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Return to 4th Quarter 2017 articles.

The title of this month's lead article is Why Did God Become Man.

Do you believe in angels? That question is almost sure to prompt a vigorous discussion. There is much religious uncertainty about angels, and the basic understanding of what angels are varies from generation to generation, culture to culture, and religion to religion. The major religions of the world have always had angels involved in special roles. Moslems claim that the Koran came from the angel Gabriel. Mormons believe that an angel named Moroni gave Joseph Smith the Book of Mormon. Catholics frequently speak of “guardian angels,” and the Catholic Relief Services has a guardian angel coin on a CRS card they distribute. The coin has this poem: “Angel of God, my guardian dear, to whom God's love commits me here, ever this day be at my side, to light and guard, to rule and guide. Amen.”

So what does the Bible say about angels, and what can we logically and reasonably believe about them? The New Bible Dictionary (Eerdmans Publishing) gives this definition:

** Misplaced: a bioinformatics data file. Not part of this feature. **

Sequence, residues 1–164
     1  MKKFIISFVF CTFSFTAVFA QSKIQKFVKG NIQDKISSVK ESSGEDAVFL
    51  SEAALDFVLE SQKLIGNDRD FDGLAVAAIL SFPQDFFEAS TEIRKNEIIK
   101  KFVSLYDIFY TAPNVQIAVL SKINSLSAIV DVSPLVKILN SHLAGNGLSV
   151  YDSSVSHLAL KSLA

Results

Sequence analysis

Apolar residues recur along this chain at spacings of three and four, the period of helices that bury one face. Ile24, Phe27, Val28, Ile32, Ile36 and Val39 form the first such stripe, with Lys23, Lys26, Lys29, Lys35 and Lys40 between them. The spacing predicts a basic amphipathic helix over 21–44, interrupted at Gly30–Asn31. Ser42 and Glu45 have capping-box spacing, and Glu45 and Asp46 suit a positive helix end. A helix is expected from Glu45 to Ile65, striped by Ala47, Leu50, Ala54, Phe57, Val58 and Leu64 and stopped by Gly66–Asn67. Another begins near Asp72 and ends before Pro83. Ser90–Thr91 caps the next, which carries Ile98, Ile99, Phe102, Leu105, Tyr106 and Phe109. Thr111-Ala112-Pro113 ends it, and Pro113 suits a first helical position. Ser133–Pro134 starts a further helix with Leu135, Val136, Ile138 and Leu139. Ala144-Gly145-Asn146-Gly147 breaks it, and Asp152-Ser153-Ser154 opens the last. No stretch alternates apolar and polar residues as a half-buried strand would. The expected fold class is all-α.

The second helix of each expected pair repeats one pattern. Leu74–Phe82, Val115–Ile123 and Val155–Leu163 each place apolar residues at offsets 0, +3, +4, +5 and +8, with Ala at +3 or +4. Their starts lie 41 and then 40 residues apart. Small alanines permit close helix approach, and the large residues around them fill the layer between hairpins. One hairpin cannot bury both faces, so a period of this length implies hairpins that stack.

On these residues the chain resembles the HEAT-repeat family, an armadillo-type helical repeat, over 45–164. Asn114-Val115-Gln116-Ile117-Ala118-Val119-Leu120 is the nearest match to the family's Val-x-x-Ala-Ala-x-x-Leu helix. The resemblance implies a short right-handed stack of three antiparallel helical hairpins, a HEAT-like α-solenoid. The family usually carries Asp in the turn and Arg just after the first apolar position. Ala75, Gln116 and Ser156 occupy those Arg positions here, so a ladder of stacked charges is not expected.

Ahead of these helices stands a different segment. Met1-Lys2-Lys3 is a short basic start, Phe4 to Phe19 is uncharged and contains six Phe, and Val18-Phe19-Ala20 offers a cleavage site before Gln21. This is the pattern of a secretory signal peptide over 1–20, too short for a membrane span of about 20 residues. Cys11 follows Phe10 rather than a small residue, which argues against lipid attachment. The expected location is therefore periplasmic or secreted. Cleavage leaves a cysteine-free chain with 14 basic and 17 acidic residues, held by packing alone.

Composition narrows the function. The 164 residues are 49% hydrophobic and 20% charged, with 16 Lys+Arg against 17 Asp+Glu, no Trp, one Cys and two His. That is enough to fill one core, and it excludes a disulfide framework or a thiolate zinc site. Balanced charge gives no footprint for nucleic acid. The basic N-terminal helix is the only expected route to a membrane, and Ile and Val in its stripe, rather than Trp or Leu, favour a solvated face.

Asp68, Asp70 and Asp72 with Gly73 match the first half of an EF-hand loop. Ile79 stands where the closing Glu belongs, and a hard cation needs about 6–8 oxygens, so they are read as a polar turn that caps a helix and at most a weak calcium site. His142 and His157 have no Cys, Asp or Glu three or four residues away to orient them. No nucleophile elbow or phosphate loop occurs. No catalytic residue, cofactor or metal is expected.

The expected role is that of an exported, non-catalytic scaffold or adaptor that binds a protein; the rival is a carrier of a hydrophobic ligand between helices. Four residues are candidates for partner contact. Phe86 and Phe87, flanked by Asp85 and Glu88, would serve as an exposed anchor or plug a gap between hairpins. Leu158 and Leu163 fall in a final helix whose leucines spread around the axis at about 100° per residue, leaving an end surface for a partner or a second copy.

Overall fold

This definition supports the biblical position that angels are not physical beings. We are not talking about humans with wings or people who have become better than the rest of us. If you believe in Naturalism — that all there is or will be are the physical things that we can perceive through our senses, then you will stop right here in the discussion. The logical problem with taking that position is that you also rule out most of quantum mechanics and a great deal of nuclear science. When superstring theorists proposed 11-dimensional vibrating strings, they certainly were not describing something that we could perceive through our senses. What we propose to do in this discussion is to look at what the Bible tells us about angels.


What that means is that angels cannot die, they do not experience time-dependent restrictions as we do, and they are unlimited in space. The Bible shows these characteristics over and over. In Numbers 22:21 – 31 we see the story of Balaam, the donkey, and the angel. The angel can control both what the donkey sees and what Balaam sees. In Daniel 3:26 – 28 Nebuchadnezzar tells us that an angel was sent to protect Shadrach, Meshach, and Abednego in the fire. The fire not only did not affect the angel, but the angel was able to shield the humans from the fire. In Acts 5:17 – 20 angels not only walked through prison walls, but they opened physical obstacles for the humans to walk through. In Matthew 1:20 and 2:13, 19, Joseph experiences an angel appearing to him in his dreams in such a way that he obeys the angel. Jesus tells us in Matthew 22:30 that we will become like angels when we die (but not become angels) when our physical existence is over.